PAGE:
One downside to being an internationally acclaimed author is that people care an awful lot about digging into your past. Haruki Murakami has found this out the hard way, as a librarian from Kobe High School (which Murakami attended during his younger years) has made public a list of books checked out by then-budding author. For more “Murakami meets library,” here’s a review of his own The Strange Library.
This summer, Emily Books will launch a new imprint with Coffee House Press, featuring books “by women and gay men and gender outsiders—or people who had transgressive, interesting, weird personalities.” Also check out this Millions essay on what we call what women write.
“Claiming that feminism killed home cooking is not just shaming, it’s wildly inaccurate from a historical standpoint…As should be obvious to anyone who’s peeked at a cookbook from the late 1940s or early 1950s that promotes ingredients like sliced hot dogs and canned tomato soup, we’ve been eating processed crap since long before feminism. Yet the idea of the feminist abandoning her children to TV dinners while she rushes off to a consciousness-raising group is unshakable.” The perils of foodie nostalgia.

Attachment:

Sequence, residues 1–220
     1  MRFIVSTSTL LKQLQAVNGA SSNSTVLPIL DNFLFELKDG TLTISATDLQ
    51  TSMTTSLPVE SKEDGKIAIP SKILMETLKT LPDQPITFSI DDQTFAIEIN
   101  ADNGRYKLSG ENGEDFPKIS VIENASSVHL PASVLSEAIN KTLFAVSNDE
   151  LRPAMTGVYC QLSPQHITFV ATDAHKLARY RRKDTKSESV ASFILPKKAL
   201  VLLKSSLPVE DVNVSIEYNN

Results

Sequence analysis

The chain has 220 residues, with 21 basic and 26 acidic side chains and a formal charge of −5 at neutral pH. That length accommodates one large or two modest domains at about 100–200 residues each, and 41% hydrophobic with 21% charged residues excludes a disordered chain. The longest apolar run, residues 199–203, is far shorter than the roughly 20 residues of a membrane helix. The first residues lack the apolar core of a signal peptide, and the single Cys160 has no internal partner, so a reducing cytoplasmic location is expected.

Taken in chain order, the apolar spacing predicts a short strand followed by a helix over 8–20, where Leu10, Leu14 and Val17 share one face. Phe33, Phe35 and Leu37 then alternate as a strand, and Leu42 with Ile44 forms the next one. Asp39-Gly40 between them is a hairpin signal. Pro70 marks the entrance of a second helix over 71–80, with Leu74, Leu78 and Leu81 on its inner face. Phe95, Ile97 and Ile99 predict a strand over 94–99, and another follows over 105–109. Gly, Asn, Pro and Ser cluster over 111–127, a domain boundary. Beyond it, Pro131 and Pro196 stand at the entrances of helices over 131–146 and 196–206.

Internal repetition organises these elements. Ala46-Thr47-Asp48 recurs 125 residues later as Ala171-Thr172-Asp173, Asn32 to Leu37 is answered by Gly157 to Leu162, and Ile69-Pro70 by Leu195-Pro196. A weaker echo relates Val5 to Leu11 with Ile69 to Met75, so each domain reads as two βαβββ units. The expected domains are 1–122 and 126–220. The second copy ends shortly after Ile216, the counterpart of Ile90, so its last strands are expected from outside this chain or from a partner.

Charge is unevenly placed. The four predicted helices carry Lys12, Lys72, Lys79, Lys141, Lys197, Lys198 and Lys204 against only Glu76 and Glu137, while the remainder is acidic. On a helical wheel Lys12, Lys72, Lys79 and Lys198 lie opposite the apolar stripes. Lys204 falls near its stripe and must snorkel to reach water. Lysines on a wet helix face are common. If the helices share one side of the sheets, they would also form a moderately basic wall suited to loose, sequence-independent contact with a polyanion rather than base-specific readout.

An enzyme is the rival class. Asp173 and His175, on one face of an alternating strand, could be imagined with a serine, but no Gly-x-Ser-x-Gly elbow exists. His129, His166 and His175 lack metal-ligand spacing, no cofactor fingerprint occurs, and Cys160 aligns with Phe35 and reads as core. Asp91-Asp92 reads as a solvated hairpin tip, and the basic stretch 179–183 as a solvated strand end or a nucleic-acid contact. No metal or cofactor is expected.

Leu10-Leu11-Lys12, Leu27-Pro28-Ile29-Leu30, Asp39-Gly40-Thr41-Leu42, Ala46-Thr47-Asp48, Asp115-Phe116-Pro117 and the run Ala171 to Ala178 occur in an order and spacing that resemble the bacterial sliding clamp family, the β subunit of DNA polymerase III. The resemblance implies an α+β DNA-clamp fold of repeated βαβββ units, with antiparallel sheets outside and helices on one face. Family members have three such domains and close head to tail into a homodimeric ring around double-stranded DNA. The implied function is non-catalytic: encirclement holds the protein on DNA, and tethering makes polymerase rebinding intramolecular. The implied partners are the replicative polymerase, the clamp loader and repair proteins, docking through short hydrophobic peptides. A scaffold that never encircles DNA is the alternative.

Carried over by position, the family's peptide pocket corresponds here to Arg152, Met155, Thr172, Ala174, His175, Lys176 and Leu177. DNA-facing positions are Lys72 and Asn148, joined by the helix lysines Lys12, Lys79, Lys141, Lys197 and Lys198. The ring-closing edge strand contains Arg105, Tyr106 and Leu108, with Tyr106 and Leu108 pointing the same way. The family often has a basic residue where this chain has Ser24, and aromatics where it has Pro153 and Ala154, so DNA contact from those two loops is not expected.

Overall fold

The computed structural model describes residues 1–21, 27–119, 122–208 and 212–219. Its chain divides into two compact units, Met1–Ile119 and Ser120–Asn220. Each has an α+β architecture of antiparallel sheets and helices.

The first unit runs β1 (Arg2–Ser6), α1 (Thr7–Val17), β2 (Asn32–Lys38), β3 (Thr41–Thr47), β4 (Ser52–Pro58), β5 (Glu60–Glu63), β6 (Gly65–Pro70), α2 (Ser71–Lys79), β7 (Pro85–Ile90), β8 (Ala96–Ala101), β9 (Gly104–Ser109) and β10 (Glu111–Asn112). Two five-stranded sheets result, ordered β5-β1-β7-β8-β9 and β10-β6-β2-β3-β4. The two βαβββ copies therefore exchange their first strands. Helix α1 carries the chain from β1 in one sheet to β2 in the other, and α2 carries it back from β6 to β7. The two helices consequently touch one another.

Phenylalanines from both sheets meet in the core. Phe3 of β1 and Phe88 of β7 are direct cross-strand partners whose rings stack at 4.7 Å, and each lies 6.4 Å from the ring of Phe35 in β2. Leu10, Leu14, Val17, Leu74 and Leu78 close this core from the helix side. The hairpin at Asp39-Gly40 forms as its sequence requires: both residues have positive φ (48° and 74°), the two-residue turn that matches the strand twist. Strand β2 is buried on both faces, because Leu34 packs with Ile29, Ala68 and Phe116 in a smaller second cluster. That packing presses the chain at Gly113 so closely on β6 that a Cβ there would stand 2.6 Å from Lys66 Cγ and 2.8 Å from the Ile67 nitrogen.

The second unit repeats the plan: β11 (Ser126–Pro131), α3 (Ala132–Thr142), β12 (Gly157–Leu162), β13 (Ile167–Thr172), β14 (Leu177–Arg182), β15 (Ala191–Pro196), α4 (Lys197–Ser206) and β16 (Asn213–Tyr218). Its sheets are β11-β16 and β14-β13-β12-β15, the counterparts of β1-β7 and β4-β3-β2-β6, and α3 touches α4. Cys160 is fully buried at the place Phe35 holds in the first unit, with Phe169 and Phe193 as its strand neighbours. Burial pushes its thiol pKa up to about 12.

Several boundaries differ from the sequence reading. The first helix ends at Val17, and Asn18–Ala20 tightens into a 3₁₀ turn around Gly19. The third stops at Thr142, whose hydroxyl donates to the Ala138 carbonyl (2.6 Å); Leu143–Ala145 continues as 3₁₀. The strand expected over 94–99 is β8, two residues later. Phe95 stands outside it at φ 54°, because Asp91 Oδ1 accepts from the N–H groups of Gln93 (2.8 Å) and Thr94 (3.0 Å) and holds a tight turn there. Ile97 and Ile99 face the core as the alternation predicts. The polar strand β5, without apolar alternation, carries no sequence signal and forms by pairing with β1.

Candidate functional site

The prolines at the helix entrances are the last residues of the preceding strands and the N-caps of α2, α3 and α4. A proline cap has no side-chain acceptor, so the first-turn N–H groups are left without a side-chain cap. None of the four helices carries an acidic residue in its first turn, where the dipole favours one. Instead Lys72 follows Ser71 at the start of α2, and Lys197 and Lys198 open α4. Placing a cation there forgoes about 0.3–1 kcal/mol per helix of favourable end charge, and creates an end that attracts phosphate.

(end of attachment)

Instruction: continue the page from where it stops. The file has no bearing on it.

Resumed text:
Happy Hunger Games! To celebrate the release of Catching Fire, read Ben Blatt’s textual analysis of the most popular adverbs, adjectives, and sentences used by Suzanne Collins in The Hunger Games trilogy, Stephenie Meyer in Twilight, and J.K. Rowling in the Harry Potter series. Unsurprisingly, the most popular sentence in Twilight is, “I sighed.” We’re sighing, too. Pair with: Our essay on how teen fantasy heroines need to grow up.
Poetry readership among U.S. adults is the highest it’s been in 15 years—with young adult readership (among 18-24 year olds) nearly doubling—according to the National Endowment for the Arts’ 2017 Survey of Public Participation in the Arts (SPPA). (For what it’s worth: The Millions has always loved poetry).